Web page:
There is both histological and clinical evidence to support a role for thrombosis in IPAH.11,21 Given that other histological features are also common to both CTEPH and IPAH,13 it has been suggested that these two conditions may exist on a continuum of disease. This casts doubt over the presumed embolic origins of CTEPH and would suggest that in situ thrombosis plays a more significant role in the disease. However, if distal CTEPH represents an overlap condition, one would expect patients with distal CTEPH to share some demographic features with patients with IPAH. However, this study shows that both distal and proximal CTEPH differ from IPAH with respect to key factors such as age and prior thromboembolic history. Moreover, there was a trend towards a higher proportion of men in both CTEPH groups compared with IPAH. The age and sex differences between patients with proximal CTEPH and those with IPAH seen here are consistent with previously reported studies, implying that our patient population is comparable to those of other centres.22 The incidence of prior DVT in patients with proximal CTEPH is likewise similar to previously published work.23 The marked difference in the incidence of DVT between the three groups found in this study therefore favours the role of a shared thromboembolic aetiology which is common to both distal and proximal CTEPH but not IPAH.
The BMPR2 receptor is a member of the transforming growth factor‐β cell signalling superfamily and plays a critical role in vascular growth, development and maintenance.24 Mutations in the BMPR2 gene underlie most cases of FPAH8 but only a proportion of cases of IPAH,9 suggesting that other genetic or environmental factors are also important in sporadic forms of the disease. BMPR2 mutations have been described in other forms of pulmonary hypertension,25,26,27 but the prevalence of these mutations in CTEPH has not been specifically studied to date. Although the results of this study are limited by the proportion of DNA samples available, they suggest that BMPR2 mutations are not a feature of either distal or proximal CTEPH. This provides further evidence, albeit circumstantial, that the aetiology of both of these forms of CTEPH is distinct from that of IPAH.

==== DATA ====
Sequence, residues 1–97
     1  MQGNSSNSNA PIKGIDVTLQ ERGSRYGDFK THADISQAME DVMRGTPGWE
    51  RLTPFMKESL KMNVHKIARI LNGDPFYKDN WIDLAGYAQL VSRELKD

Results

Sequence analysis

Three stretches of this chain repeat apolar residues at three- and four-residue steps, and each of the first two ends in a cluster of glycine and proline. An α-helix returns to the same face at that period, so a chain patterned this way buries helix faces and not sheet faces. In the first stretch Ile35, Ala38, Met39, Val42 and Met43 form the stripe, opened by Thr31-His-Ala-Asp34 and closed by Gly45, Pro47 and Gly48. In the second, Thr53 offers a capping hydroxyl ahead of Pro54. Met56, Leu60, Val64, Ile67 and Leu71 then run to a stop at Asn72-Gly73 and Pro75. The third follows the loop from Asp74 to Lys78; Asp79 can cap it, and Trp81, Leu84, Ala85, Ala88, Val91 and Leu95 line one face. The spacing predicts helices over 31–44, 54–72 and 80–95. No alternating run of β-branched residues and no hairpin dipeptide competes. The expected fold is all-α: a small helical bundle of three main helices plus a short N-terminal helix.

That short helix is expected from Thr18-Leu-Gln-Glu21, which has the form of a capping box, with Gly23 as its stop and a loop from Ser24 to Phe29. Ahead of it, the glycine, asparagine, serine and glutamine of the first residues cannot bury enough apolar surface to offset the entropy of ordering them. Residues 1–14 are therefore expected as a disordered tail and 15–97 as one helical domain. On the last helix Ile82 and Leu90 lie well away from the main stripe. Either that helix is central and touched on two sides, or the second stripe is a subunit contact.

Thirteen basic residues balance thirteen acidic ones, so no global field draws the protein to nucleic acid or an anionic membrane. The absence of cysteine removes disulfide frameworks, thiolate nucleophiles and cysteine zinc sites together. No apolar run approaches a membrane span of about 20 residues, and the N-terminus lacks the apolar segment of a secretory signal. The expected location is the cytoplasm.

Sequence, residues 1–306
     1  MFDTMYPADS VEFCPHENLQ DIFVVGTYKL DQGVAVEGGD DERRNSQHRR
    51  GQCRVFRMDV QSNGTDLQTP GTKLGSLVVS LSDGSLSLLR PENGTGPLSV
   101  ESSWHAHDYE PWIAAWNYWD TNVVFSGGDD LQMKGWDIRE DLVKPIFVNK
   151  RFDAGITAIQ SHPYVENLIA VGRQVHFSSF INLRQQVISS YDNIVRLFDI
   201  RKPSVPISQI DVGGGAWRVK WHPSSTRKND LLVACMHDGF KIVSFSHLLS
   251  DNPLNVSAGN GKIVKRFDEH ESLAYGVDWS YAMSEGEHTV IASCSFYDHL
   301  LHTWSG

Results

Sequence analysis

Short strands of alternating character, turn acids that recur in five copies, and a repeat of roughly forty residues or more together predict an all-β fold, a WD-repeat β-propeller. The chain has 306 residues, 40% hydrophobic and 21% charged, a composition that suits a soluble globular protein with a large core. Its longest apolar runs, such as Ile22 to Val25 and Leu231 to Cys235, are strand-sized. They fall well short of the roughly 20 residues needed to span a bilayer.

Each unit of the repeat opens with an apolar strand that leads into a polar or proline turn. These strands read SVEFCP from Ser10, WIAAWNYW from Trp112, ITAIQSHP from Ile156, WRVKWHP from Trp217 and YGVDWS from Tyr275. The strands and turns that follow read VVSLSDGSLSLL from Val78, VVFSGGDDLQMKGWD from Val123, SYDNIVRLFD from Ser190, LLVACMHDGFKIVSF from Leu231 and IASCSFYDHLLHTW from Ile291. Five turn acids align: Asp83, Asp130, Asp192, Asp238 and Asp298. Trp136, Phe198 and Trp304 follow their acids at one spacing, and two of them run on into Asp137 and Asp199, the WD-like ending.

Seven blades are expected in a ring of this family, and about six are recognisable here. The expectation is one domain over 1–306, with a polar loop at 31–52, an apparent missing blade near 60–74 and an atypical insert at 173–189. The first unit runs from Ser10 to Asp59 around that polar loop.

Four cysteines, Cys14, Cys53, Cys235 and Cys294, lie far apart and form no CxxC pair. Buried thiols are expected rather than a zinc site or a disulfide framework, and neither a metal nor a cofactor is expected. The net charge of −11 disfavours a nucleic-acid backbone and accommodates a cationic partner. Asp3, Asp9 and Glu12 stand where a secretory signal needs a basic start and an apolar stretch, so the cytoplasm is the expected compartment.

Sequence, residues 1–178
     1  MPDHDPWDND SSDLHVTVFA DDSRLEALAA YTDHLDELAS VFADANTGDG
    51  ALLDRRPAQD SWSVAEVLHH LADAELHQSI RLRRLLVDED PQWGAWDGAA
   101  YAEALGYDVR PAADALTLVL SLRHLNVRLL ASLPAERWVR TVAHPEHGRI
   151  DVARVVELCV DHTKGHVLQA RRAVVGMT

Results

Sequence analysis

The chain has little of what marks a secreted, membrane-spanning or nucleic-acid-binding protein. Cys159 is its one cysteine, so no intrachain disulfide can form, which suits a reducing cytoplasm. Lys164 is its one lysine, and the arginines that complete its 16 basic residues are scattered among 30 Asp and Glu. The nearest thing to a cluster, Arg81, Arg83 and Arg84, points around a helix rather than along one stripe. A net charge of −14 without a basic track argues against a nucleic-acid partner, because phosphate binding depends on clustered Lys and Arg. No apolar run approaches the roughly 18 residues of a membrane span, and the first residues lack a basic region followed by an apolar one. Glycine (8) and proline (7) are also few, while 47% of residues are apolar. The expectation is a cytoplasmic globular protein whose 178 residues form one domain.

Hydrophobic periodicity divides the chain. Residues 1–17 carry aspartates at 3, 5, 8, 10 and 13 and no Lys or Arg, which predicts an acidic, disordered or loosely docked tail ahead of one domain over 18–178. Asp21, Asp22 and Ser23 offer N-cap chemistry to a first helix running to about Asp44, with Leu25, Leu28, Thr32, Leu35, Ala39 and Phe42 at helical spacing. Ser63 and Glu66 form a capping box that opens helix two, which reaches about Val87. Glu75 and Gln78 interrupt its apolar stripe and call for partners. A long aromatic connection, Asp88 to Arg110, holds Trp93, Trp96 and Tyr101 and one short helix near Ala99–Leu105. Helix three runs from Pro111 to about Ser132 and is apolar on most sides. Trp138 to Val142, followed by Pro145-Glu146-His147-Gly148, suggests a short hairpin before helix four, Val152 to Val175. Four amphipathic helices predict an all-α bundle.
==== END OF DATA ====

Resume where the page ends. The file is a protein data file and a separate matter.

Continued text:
Despite the similarities linking distal and proximal CTEPH in this study, there was a significant difference in the prevalence of prior splenectomy between the two groups. Furthermore, splenectomy was also more common in distal CTEPH than in IPAH, albeit not significantly so. Although not new findings, these results confirm previous studies that suggest that splenectomy is more likely to be associated with distal, rather than proximal, disease.20,22 Splenectomy appears independently to promote a prothrombotic state, possibly through loss of the filtering function of the spleen and consequent persistence of abnormal red cells.15 It is possible that splenectomy is also associated with other abnormalities of haemostasis that may particularly predispose to distal CTEPH. For example, thromboembolic material may be more fragile in these subjects, thus fragmenting more easily within the pulmonary vasculature and triggering more distally distributed disease.